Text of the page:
Thomas E. Woods, Jr., is the New York Times bestselling author of 11 books, including The Politically Incorrect Guide to American History and Meltdown (on the financial crisis). A senior fellow of the Ludwig von Mises Institute, Woods has appeared on MSNBC, CNBC, FOX News, FOX Business, C-SPAN, Bloomberg Television, and hundreds of radio programs... (Read More)

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Music Post #11

17th February 2013      by: Tom Woods     

By no means their best work, but a life-affirming instrumental all the same. Warm Sporran, by Jethro Tull.

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  • http://plenarchist.wordpress.com/ plenarchist

    From Stormwatch, another of Tull’s folk period albums along with Songs from the Wood, Heavy Horses, A, and Broadsword and the Beast. I feel like I should apologize for liking them but dammit, I do so I won’t!! Thanks for reminding me to dig that one out and give it another listen.

  • Metaldams1978

    I come here for your history and economic views, which I love, and get pleasantly surprised by Jethro Tull, which I also love! I saw Tull back in ’96 with ELP. I was just in high school then, but glad I had a chance to go, it was a great time.

    Nice song, but my personal favorite off the STORMWATCH album would be “Home.”

  • http://tomwoods.com Tom Woods

    That’s Ian on the bass guitar, by the way.

  • Anonymous

    He almost has the bassist groove, but not quite (lose the pick). Still, it is great to hear a multi-instrumentalist at work.

    Disclaimer: I’m generally critical of the bass in music because that was my first instrument, the one that I most focused on growing up, and it is probably the instrument that I am best at and most intuitive with in terms of performing. I always have fun tinkering with and learning other instruments, but the bass is the only one (sometimes guitar) that I can just pick up and play what I hear in my mind no matter what.

  • http://tomwoods.com Tom Woods

    It’s impressive, though, because he is not a bassist. He plays a mean acoustic guitar, and of course the flute (not to mention the mandolin, bouzouki, and other instruments), but when Jethro Tull’s bassist died suddenly, Ian just stepped in and did it himself.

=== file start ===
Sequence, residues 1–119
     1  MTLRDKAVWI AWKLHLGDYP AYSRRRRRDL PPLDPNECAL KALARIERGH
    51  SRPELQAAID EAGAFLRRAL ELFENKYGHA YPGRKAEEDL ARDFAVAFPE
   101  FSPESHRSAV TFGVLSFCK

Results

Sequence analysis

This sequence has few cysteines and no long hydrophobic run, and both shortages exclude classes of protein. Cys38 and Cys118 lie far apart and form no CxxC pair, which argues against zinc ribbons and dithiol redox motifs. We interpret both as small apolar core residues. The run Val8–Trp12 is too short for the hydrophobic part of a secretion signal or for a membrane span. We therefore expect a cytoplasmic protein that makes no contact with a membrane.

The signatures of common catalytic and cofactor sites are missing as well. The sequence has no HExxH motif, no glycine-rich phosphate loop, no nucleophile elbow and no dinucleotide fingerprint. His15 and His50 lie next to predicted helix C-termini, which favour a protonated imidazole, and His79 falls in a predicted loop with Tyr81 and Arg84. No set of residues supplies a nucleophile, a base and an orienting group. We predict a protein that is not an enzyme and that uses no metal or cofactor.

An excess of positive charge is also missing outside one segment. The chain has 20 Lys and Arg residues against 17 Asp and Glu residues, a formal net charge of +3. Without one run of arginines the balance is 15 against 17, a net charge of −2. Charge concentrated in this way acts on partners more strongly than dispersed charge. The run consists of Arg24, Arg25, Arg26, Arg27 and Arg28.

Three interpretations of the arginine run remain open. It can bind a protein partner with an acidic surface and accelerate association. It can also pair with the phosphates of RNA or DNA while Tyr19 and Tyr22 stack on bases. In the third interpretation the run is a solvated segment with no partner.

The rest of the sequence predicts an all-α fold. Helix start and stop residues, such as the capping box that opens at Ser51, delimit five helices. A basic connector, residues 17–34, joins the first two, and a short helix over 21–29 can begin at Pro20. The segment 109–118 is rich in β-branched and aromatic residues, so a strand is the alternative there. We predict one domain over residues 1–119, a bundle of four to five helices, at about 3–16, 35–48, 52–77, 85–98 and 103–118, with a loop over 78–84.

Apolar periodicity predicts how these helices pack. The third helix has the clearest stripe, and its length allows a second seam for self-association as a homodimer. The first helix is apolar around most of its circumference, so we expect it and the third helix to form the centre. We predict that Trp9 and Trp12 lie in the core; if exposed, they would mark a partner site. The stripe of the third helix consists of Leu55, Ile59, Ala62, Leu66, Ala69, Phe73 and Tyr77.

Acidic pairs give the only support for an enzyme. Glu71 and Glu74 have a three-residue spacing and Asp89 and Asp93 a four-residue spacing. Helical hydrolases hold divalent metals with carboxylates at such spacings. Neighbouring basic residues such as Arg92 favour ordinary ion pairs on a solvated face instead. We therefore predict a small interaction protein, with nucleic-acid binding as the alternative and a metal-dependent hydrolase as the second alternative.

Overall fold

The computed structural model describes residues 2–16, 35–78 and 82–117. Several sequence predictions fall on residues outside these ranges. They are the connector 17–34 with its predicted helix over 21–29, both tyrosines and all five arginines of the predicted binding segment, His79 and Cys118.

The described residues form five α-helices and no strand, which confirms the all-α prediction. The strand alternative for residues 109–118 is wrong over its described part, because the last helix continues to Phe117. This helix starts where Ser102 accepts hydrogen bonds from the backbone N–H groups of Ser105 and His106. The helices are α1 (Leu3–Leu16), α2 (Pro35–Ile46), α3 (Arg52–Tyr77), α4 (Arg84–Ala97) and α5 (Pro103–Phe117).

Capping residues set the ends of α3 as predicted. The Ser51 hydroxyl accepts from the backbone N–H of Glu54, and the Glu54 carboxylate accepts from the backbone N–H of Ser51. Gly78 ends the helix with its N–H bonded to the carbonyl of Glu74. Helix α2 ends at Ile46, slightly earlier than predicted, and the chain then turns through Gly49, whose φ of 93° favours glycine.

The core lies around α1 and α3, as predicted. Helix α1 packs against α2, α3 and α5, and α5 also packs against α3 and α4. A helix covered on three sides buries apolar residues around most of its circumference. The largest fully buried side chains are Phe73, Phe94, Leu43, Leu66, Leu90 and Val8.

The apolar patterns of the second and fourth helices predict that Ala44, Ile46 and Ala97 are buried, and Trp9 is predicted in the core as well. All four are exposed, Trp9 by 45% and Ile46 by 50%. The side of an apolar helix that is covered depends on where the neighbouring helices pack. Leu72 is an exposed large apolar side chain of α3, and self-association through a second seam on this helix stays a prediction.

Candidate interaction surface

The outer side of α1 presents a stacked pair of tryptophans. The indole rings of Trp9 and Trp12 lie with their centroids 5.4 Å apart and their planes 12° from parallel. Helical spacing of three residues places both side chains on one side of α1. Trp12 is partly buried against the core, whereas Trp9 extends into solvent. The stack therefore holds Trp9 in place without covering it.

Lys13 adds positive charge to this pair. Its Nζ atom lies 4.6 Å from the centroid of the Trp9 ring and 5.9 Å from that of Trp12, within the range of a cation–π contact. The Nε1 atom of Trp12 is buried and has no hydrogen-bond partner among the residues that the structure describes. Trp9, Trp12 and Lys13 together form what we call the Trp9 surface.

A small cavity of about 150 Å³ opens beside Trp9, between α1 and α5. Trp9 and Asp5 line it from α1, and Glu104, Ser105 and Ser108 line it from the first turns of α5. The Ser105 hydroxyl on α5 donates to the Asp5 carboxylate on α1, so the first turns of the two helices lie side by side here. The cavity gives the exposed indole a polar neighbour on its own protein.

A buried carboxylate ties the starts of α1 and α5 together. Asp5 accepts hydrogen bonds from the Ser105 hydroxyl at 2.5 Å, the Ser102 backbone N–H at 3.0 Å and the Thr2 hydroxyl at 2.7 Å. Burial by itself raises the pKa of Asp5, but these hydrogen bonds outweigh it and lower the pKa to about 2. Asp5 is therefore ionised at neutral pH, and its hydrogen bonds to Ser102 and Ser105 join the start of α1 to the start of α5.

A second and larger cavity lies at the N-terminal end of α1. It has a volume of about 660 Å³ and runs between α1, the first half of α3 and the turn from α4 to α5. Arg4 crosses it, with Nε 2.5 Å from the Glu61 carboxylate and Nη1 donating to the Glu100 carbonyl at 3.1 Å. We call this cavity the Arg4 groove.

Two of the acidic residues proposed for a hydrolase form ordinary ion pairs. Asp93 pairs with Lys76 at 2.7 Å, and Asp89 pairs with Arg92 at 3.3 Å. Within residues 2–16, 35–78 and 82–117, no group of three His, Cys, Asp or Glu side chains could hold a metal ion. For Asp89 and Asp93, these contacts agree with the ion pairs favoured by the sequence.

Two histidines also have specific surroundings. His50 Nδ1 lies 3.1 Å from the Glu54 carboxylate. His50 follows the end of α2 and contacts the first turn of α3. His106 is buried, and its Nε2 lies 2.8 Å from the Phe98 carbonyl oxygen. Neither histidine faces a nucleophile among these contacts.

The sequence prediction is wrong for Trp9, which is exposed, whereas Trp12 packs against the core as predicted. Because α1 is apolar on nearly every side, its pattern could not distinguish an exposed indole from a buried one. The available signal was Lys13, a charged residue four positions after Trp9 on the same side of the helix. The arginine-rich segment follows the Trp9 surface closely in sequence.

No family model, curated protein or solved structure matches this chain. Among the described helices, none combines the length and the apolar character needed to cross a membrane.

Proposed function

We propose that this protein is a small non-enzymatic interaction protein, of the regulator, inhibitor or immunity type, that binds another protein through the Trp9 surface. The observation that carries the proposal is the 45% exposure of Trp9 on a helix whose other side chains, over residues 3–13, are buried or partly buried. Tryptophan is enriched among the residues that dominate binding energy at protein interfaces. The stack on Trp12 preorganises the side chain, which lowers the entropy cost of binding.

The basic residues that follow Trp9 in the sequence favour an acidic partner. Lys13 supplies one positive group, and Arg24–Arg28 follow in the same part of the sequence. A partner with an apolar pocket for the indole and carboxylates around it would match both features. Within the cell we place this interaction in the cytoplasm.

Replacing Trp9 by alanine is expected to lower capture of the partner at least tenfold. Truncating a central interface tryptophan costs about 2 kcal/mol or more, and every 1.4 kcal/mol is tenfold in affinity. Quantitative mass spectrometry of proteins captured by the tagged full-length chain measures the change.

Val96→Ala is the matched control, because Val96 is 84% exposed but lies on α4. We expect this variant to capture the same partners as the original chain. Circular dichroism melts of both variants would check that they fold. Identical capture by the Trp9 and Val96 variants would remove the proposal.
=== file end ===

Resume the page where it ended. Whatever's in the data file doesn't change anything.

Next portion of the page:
• Metaldams1978

    Ian’s just a talented guy all around. A unique flute player, virtuosic acoustic player (especially on my favorite Tull album, MINSTREL IN THE GALLERY), great songwriter, good singer, so I’m not surprised he plays bass.

    That said, most guitar players can can bass, it’s just a question of whether they can make it groove like bass player. Tull bass playing since Aqualung has always had a more guitar like feel to it, no matter the player. I’m also a bassist, and I have a gut feeling Ian, being quite the boss, always had a big say in the bass parts and feel.

  • http://tomwoods.com Tom Woods

    The bass is so central to this piece that I find it especially gutsy for Ian to do it.

  • Metaldams1978

    I could agree with that, especially under the circumstances of the old bass player being in failing health.

  • Anonymous

    I’m not getting down on him, he did a great job. It’s just that there is a certain groove that bassists have that non-bassists just don’t have. It’s very hard to explain, but I can hear it every time I hear a guitarist play the bass. It just has a different feel to it is all.

    The pick comment was just standard (most bassists frown upon the use of a pick). I admit that I will use a pick sometimes if I am going for that tone, but that is pretty rare because it feels very awkward for me. There are certainly great bassists that use a pick, Chris Squire is a good example of a dude that played a mean bass with a pick and also had that bassist groove (and he had that raunchy Rickenbacker tone which is one of my favorites).

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